In 1968, Jews sought to reclaim lost Jewish property, including synagogues and the government eventually allowed them to build a nearby settlement, Kiryat Arba. But settlers refused to be kept out of the city that housed the ancient shrine of the Tomb of the Patriarchs and Matriarchs—or Ma’arat Hamachpelah, which tradition states is the burial place of Abraham, and other biblical patriarchs and matriarchs—and moved into the city in 1979. Thus began the anomalous situation in which a tiny Jewish community exists in a city of extremely hostile Arabs.

That community has successfully restored the Jewish presence to a place where Jewish nationhood can be said to have begun. But it has also suffered a long list of terror incidents.

Unfortunately, the violence has not been a one-way street. In 1994, a Brooklyn, N.Y.-born Jewish settler named Baruch Goldstein went to the tomb and murdered 29 Palestinians at worship in cold blood. Goldstein, who was himself killed by some of the survivors of his murderous assault, became something of a hero to Jewish extremists. Like Palestinian murders of Jews, his act of terrorism only fed a mutual narrative of delegitimization and hate that continues to fuel the conflict to this day.

It was in that context that Netanyahu agreed to the partial withdrawal from Hebron and instituted the TIPH.

The conflict in Hebron is one where both sides can be said to be right and wrong. Palestinians are still determined to drive Jews out of their small enclaves on historically Jewish-owned property in the city, as well as from the tomb. Yet it’s also true that the security needed to defend the Jews there makes it difficult for Palestinians to live normal lives inside parts of the city.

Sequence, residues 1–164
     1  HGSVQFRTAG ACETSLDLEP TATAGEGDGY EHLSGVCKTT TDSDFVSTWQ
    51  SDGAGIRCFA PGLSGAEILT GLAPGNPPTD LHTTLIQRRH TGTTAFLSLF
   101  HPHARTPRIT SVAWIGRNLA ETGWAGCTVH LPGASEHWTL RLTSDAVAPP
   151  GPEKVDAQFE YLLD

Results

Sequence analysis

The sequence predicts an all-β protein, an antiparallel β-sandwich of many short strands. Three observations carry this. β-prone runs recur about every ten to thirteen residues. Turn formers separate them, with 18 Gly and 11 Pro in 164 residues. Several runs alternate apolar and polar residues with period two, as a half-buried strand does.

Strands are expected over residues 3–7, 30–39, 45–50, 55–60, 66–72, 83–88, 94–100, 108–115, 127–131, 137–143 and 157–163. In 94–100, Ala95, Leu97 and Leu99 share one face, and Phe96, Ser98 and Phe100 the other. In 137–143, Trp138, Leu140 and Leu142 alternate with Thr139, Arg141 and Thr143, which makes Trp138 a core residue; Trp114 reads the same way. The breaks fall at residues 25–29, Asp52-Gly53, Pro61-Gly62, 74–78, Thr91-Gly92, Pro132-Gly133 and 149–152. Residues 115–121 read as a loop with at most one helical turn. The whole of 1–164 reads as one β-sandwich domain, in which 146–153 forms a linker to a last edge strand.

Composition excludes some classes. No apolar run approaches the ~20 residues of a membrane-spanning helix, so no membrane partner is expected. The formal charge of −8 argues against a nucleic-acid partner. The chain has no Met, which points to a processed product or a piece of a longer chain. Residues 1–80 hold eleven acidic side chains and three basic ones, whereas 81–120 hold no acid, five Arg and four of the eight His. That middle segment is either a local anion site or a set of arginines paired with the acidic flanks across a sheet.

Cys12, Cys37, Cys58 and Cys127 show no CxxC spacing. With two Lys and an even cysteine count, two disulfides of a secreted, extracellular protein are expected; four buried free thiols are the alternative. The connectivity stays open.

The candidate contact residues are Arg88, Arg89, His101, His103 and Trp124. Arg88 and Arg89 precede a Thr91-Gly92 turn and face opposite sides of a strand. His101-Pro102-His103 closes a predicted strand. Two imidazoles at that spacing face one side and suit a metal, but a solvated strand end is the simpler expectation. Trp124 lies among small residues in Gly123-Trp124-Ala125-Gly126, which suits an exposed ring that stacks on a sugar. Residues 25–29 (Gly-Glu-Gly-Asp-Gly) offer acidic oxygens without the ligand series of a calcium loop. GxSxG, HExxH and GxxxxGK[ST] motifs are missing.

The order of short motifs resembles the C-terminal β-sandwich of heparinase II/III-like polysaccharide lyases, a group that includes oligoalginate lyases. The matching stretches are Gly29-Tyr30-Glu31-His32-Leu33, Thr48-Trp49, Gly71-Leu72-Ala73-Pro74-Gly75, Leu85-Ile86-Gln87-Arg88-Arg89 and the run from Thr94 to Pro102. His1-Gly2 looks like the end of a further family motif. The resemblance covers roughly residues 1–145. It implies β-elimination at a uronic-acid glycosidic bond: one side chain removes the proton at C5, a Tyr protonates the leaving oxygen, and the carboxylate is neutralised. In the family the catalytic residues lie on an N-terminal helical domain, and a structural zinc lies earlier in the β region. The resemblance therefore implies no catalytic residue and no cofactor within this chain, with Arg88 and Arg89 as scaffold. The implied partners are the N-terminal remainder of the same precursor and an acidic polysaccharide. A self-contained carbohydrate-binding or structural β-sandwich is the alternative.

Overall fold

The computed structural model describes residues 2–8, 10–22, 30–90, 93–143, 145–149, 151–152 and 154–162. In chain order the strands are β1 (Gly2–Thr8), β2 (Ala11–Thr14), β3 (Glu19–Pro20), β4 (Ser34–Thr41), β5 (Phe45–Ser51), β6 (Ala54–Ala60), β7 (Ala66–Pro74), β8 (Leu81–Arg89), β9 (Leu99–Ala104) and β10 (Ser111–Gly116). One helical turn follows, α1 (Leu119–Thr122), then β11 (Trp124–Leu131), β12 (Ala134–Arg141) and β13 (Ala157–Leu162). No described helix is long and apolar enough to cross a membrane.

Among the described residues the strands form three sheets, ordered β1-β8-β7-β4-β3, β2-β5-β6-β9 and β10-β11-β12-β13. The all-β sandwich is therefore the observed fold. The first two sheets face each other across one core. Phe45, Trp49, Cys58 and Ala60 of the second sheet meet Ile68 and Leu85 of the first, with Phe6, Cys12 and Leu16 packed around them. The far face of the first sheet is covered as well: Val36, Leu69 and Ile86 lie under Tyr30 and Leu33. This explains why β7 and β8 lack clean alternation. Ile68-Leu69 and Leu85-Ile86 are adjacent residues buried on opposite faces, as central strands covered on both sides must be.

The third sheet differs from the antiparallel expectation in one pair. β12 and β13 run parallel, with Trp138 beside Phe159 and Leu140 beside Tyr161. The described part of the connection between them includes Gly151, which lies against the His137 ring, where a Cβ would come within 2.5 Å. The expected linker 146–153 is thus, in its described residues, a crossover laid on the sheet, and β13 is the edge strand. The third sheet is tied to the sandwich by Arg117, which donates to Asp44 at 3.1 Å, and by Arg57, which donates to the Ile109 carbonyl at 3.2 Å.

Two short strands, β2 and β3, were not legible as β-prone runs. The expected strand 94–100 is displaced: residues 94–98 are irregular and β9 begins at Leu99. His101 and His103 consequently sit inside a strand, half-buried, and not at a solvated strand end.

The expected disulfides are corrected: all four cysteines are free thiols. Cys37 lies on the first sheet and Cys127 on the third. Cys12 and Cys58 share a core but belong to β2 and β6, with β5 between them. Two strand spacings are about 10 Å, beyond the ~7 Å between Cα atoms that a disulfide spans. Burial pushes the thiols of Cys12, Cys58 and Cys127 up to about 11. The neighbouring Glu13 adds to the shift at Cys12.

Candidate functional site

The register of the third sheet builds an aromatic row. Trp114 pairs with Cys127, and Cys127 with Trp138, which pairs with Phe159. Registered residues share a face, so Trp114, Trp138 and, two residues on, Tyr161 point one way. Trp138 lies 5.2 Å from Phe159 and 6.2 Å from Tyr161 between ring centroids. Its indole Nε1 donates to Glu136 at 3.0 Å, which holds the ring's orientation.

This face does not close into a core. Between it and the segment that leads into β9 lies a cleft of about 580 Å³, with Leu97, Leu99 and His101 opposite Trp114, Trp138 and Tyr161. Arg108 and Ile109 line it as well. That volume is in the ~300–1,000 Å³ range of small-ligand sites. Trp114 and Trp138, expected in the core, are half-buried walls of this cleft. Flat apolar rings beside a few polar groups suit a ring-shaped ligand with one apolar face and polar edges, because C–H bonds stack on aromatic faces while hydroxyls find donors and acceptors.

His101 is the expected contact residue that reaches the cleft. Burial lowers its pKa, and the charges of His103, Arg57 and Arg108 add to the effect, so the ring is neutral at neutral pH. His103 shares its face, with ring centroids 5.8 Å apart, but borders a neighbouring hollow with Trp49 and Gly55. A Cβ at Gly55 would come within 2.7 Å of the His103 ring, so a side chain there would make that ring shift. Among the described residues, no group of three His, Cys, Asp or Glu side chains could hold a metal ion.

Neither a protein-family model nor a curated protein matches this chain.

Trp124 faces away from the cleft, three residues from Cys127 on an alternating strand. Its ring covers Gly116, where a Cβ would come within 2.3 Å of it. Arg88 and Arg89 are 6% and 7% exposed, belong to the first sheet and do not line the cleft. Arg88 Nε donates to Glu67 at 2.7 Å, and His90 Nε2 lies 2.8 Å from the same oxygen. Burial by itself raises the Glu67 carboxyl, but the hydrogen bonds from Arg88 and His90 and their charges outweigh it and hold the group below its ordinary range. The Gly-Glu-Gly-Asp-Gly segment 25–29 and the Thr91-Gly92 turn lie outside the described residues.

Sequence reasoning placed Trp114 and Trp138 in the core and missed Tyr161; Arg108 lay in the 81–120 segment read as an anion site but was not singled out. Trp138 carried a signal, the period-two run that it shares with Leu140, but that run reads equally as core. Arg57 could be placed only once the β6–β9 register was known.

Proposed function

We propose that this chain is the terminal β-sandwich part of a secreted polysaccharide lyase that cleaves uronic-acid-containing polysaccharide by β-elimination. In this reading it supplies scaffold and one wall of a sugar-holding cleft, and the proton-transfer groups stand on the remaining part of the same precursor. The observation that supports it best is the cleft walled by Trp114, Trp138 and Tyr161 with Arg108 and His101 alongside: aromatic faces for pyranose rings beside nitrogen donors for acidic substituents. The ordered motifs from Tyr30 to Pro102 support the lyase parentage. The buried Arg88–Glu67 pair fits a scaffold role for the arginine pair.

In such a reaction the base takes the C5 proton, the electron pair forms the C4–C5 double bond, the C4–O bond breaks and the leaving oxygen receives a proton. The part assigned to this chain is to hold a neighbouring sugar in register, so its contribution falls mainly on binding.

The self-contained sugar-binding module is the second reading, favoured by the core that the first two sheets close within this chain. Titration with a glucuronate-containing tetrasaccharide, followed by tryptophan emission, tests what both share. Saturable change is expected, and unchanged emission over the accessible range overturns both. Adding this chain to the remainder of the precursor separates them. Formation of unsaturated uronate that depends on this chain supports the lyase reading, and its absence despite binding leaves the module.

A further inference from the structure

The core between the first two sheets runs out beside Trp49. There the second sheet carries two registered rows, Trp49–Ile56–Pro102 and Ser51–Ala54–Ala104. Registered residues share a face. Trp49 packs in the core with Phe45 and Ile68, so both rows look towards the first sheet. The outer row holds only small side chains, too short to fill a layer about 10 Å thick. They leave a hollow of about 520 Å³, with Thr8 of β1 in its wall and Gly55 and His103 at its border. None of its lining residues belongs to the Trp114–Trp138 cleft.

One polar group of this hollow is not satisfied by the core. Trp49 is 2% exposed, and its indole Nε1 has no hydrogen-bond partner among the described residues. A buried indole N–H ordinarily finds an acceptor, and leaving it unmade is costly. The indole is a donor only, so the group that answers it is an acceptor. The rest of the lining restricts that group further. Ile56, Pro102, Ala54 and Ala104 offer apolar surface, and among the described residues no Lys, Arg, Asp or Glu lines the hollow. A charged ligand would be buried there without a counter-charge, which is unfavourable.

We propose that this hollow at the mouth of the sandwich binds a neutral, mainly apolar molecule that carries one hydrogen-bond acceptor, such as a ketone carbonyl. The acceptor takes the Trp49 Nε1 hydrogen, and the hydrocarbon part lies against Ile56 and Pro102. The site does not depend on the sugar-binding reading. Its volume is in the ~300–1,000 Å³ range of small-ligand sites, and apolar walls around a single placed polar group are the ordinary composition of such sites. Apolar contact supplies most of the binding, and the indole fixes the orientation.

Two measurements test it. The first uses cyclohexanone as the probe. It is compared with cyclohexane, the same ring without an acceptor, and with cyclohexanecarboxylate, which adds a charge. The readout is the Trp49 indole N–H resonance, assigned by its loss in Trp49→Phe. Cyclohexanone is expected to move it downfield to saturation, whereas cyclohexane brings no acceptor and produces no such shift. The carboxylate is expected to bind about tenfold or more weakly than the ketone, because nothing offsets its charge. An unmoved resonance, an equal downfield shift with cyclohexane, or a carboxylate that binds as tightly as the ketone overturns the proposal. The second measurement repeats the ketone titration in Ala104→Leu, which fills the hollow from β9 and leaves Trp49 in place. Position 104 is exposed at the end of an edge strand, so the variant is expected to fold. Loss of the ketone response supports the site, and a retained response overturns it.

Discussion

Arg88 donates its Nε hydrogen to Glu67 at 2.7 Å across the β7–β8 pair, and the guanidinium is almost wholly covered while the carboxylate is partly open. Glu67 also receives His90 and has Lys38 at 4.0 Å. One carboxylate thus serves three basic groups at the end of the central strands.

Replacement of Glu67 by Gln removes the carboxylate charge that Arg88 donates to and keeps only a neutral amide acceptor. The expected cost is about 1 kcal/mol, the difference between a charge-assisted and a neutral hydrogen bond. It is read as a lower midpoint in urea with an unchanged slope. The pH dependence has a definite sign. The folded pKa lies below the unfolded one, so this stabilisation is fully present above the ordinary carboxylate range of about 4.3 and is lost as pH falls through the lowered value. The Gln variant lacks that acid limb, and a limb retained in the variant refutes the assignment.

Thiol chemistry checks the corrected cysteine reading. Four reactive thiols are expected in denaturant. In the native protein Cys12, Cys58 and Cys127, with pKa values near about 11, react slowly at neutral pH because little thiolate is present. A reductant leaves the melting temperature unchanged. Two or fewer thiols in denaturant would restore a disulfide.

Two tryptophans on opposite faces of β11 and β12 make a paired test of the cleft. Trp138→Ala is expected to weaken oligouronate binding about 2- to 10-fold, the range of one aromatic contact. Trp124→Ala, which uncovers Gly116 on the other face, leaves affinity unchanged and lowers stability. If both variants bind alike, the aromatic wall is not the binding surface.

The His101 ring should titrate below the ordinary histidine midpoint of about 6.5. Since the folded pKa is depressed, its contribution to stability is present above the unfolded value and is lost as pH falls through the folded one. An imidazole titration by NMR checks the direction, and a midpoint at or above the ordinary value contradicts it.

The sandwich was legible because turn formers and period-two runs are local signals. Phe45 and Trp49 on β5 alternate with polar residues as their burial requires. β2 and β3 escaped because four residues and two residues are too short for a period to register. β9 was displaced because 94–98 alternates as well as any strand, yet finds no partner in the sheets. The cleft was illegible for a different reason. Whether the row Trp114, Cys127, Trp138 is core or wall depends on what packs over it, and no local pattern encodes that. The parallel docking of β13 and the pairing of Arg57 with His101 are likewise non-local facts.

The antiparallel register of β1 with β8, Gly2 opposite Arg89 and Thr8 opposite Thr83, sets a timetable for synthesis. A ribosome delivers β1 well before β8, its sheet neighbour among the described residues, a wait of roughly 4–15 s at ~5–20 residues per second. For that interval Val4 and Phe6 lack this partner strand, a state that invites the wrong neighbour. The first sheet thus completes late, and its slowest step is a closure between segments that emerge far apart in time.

As for the settlers, they are defending Jewish rights and history by being there—their presence making it clear that Jews will not go back to the pre-1967 situation, when they were forbidden from entering the Machpelah and going past the seventh step of the tomb. Yet it must also be admitted that if the Arabs of Hebron are among the most radical in the West Bank, then so, too, are the Jews there reputedly among the most radical in the settler movement.

As anyone who has visited the city can attest, while the place resonates with history, it also sizzles with tension as the two sides live uncomfortably close to each other in a toxic brew of anger and violence. While the TIPH was supposed to be a calming influence, it merely supported the Palestinians against the Jews.

In that sense, Hebron is the Israeli-Palestinian conflict in microcosm. If there is to be peace, then both sides must recognize each other’s right to be there—something that the Palestinians seem unwilling and unable to do. But by the same token, if Jews want to live in Hebron, they can’t think of the approximately 200,000 Arabs there as interlopers and the several hundred Jews as the only legitimate residents. Given the historic significance of Hebron, physically separating the two communities is impossible. Either way, Palestinians can’t remain stuck in their 100-year-old war on Zionism, which simply encourages the far smaller number of Jewish extremists.

In the end, the solution for Hebron involves a commitment to mutual coexistence. Whatever one may think of the hopes that were initially placed on the TIPH, living and working together needs to be done by Jews and Arabs themselves—not by biased observers that have no real stake in Hebron’s future.

Jonathan S. Tobin is editor in chief of JNS—Jewish News Syndicate. Follow him on Twitter at: @jonathans_tobin.